What is a wetland?

Wetlands are areas where water is the primary factor controlling the environment and associated plant and animal life.

Wetlands occur where the water table is at or near the surface of the land, or where the land is permanently or temporarily covered by water.

The importance of wetlands

Wetlands are among the world’s most productive natural environments. Once thought of as mosquito-filled swamps or bogs, wetlands perform many valuable functions. They cleanse the water that flows into them, and can reduce flooding and maintain water tables.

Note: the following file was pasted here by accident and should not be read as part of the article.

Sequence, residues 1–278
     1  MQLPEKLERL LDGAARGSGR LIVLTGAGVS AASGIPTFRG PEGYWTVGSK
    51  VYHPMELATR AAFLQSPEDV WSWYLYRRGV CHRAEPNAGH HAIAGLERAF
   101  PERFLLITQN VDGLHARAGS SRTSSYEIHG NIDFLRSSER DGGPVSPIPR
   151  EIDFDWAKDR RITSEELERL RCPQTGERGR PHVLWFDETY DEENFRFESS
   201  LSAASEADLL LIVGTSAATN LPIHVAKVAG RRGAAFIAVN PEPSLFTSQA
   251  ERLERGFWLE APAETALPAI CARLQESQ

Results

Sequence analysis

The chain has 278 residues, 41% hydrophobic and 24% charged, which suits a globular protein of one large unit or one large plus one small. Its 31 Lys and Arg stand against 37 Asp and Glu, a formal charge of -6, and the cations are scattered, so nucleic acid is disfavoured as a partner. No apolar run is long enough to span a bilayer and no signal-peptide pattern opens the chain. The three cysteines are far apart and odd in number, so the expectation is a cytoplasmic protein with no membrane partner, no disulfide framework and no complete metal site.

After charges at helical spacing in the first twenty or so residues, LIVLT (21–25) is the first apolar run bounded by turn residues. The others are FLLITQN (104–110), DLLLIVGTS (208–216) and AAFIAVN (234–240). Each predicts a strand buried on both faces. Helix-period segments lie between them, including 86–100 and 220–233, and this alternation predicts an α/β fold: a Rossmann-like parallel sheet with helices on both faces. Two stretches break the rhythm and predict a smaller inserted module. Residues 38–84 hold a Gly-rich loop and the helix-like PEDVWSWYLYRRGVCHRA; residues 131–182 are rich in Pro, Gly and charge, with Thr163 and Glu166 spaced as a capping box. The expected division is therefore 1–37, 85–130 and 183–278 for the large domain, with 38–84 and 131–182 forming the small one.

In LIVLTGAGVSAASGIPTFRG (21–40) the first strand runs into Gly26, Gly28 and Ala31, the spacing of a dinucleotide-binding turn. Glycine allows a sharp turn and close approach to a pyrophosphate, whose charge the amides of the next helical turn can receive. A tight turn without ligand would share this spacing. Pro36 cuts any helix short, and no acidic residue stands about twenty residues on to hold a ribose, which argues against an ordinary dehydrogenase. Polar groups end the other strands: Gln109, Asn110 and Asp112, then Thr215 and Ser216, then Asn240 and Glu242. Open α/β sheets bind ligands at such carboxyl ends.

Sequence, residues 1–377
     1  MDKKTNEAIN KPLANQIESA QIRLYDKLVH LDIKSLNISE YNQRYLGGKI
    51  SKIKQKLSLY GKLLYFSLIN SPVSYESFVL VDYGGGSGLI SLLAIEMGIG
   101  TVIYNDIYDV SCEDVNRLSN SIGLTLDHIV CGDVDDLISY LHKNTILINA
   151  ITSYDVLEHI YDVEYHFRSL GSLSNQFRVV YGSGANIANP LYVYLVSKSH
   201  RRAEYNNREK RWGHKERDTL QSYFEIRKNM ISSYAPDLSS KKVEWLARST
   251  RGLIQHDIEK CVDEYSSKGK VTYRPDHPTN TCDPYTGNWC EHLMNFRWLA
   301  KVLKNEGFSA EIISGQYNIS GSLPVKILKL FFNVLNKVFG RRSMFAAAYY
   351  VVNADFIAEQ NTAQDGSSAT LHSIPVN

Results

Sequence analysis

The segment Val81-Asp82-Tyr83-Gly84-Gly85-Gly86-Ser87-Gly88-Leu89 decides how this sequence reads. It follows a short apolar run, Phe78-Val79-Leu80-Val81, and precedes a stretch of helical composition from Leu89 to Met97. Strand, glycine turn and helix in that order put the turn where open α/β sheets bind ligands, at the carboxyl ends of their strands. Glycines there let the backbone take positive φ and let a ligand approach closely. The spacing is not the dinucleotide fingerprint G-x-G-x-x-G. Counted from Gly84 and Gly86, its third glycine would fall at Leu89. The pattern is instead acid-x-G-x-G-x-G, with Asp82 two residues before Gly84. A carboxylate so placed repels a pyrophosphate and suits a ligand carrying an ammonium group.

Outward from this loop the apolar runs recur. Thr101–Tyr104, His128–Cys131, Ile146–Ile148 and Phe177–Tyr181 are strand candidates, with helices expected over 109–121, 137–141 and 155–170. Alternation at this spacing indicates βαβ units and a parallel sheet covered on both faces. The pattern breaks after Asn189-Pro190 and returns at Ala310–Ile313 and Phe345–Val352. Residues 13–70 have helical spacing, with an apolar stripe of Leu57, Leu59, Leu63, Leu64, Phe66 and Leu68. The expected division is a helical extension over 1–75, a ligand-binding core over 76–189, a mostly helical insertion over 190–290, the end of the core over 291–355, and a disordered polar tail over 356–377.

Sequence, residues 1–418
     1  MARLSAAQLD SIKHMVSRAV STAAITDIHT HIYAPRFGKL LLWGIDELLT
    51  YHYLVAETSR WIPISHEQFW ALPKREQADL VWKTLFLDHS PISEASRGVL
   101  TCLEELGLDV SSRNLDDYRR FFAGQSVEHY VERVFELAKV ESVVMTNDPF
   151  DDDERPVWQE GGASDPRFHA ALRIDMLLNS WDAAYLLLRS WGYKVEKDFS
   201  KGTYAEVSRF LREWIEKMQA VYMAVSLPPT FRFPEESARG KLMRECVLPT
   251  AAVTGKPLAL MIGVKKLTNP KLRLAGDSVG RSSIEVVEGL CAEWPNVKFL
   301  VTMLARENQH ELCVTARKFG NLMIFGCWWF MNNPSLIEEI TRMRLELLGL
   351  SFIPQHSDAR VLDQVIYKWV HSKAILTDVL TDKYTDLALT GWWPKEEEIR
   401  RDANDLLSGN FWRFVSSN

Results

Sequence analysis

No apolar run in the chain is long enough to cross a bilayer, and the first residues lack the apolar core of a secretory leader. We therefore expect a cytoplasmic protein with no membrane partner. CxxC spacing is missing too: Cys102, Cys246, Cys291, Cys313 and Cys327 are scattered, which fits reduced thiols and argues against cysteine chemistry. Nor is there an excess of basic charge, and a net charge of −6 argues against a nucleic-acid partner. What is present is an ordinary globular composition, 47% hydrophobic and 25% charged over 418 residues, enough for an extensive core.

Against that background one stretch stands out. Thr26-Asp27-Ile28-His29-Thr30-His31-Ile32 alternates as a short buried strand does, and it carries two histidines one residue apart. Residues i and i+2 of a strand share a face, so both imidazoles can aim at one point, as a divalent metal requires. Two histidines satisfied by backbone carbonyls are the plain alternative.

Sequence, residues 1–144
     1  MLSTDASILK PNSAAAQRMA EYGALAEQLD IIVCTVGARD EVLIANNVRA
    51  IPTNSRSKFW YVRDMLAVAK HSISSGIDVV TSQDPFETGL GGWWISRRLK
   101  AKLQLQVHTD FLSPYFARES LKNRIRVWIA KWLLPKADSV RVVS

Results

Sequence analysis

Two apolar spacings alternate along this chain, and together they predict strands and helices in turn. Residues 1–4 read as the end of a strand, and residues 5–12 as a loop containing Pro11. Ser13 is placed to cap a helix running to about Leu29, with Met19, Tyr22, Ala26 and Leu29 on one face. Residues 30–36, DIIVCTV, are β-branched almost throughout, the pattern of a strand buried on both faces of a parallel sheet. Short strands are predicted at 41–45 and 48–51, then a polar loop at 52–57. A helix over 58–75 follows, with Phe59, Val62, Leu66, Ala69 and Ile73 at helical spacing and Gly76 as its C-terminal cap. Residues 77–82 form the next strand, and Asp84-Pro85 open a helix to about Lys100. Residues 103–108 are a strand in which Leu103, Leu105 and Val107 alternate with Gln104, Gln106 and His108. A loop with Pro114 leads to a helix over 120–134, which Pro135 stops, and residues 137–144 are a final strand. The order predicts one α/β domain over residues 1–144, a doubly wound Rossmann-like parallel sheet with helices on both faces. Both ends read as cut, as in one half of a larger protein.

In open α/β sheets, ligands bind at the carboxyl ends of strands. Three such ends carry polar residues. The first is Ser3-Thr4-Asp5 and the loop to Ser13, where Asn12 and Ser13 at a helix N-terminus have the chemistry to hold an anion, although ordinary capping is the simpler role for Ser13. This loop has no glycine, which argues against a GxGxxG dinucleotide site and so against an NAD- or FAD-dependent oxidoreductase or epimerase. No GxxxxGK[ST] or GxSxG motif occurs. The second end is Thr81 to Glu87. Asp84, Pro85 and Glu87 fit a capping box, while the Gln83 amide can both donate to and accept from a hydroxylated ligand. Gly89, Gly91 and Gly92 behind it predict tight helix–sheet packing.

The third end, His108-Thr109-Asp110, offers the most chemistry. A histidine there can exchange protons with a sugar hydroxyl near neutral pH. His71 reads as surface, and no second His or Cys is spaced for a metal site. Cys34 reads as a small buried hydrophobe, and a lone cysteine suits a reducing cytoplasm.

In the past, those soggy areas of land were often drained and "put to better use" but now we know they are essential, extremely productive places. In New Zealand they support the greatest concentration of wildlife out of any other habitat.

Wetlands act like the kidneys of the earth, cleaning the water that flows into them. They trap sediment and soils, filter out nutrients and remove contaminants; they also return nitrogen to the atmosphere.